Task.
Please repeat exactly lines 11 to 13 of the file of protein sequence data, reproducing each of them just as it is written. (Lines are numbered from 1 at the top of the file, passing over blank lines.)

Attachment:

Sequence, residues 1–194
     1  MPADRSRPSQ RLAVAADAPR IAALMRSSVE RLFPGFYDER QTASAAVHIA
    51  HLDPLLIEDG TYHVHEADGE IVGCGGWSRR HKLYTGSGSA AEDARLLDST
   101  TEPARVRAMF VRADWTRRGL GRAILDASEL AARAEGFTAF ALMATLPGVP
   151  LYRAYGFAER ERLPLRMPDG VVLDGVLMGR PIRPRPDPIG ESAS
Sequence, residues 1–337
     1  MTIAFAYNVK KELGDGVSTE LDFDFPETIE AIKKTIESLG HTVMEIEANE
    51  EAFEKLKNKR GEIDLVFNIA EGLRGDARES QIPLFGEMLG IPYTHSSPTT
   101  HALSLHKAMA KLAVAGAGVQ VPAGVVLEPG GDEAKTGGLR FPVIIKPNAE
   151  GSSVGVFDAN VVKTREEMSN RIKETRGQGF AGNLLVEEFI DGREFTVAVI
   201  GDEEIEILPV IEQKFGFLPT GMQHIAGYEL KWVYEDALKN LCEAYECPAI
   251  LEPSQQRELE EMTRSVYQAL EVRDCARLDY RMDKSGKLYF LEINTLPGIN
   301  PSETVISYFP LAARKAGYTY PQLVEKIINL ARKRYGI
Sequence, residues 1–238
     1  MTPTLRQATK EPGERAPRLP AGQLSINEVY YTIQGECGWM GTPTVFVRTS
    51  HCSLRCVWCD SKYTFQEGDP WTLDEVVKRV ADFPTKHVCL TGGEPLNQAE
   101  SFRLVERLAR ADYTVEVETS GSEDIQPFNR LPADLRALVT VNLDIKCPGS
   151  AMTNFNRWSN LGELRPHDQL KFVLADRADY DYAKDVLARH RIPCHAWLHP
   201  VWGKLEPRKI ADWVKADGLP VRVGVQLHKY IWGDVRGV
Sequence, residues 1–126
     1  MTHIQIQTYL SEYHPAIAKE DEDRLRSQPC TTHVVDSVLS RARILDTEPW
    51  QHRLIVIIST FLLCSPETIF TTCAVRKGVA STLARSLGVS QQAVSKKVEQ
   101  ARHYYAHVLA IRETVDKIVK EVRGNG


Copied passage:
   201  GDEEIEILPV IEQKFGFLPT GMQHIAGYEL KWVYEDALKN LCEAYECPAI
   251  LEPSQQRELE EMTRSVYQAL EVRDCARLDY RMDKSGKLYF LEINTLPGIN
   301  PSETVISYFP LAARKAGYTY PQLVEKIINL ARKRYGI